Jim Barnes:                         So it seems as if mostly in the past we were kind of looking at trade on 17 week global clove as the, as the big risk factors reign on, um, monetary policy going forward. Today, it seemed like the inflation discussion was at the forefront and now I’m just going to turn to the financial markets because it seemed as if the financial markets really turned to those comments on inflation and directed their through the market’s thought process as to where policy goes from here, meaning that there’s probably very little likelihood of a rate hike anytime soon, but that if you were to see some of these risks we’ve talked about start to materialize more and have a negative impact on economic growth and most notably if you were to see some signs that inflation might be reversing course and heading lower again, that surely might be enough of a rationale for the Federal Reserve to have to act and adjust policy again.

    Jim Barnes:                         So with that being said, what we saw at the end of the day, we saw bond yields drop anywhere from four to seven basis points across the yield curve. So that decline in yields was mostly a investors factoring in a that a very little likelihood of, of any rate hike coming in the near future, but still pricing in some likelihood that you could have a rate adjustment to the downside. And on the equity side, the equity markets close to the positive, the S&P 500 closed at a new record high today was up 0.34%, uh, at a new level of 3,047. Now we have one more, one more FLMC meeting here in 2019. That’ll on December 11th. And uh, and we’re not expecting any change there, but as we turn to 2020, we’ll really have to pay attention to the, the incoming economic data as it comes in.

    Jim Barnes:                         We’ll have to look at the data outside the U.S. To see if you know, any weakness in manufacturing or some of the GDP areas outside of us, if that starts to filter in here. And then of course the big thing that we’re always paying attention to is anything related to trade tensions, either escalating or easing because we do see that having an impact, uh, to just overall, uh, corporate spending corporate investing. And we want to see whether or not that’s going to have an impact on company hiring and somehow filter into a possibly a, a slow down, uh, which would impact just overall consumer spending. But we’re not seeing it yet. We don’t see anything in initial jobless claims that gets us concerned. But it is, it’s something that we are paying very close attention to. Once again, this is Jim Barnes, director of fixed income. Great to be with you again today. If you ever have any questions, please feel free to visit us at thank you very much.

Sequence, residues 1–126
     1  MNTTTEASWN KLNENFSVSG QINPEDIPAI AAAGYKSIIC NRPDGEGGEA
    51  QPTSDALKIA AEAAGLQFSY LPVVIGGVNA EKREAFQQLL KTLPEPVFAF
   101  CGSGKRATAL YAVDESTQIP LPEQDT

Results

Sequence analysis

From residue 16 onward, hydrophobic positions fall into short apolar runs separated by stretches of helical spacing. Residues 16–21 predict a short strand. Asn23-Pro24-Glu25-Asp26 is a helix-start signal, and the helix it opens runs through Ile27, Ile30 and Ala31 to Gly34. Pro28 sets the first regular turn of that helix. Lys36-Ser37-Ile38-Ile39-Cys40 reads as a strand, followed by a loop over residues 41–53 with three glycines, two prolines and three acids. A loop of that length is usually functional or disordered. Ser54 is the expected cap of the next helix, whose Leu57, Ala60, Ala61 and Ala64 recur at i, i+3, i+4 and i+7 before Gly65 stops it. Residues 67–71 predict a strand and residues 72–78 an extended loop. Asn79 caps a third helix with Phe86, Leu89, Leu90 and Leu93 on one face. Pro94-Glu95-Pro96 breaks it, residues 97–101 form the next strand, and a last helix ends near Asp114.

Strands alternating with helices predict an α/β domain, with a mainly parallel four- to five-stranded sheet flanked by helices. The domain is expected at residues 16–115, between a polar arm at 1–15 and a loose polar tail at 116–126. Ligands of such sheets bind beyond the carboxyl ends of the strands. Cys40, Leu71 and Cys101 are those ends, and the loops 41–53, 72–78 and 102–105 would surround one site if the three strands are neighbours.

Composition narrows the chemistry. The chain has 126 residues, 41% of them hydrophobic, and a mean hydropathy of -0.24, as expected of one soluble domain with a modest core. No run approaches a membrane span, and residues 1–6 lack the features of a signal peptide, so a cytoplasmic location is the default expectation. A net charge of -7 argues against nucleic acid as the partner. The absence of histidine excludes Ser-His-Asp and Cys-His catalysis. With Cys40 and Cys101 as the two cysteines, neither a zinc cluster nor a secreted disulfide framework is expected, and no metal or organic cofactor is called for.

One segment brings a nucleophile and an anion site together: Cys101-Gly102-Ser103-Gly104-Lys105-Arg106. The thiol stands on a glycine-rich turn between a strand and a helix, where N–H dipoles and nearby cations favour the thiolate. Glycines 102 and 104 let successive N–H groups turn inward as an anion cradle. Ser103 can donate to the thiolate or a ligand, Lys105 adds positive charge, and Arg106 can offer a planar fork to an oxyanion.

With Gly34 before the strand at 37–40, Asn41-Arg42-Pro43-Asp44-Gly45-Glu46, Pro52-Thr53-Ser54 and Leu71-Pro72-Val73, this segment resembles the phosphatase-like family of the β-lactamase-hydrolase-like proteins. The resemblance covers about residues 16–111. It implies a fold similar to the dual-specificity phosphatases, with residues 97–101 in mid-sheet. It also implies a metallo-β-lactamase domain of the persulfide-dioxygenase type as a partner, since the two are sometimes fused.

Conclusion:                         This has been a production of Bryn Mawr Trust. Copyright 2019 visit us online at slash wealth. The views expressed herein are those of Bryn Mawr Trust as of the day recorded and are subject to change without notice. Guest opinions are their own and may differ from those of Bryn Mawr Trust and its affiliates and subsidiaries. This podcast is for informational purposes only and should not be construed as a recommendation for any product or service. B and T wealth management provides products and services through brim, our bank corporation and its various affiliates and subsidiaries which do not provide legal tax or accounting advice. Please consult your legal tax or accounting advisors to determine how this information may apply to your own situation. Investments and insurance products are not. Bank deposits are not FDIC insured, are not backed by any bank or government guarantee and may lose value. Past performance is no guarantee of future results. Insurance products not available in all States. Any third party trademarks and products for services related thereto mentioned in this podcast are for discussion purposes only. Third party trademarks mentioned in this podcast are not commercially related to or affiliated in any way with BMT products or services. Third party trademarks mentioned in this podcast are not endorsed by BMT in any way. BMT may have agreements in place with third party trademark owners that would render this trademark disclaimer, not relevant.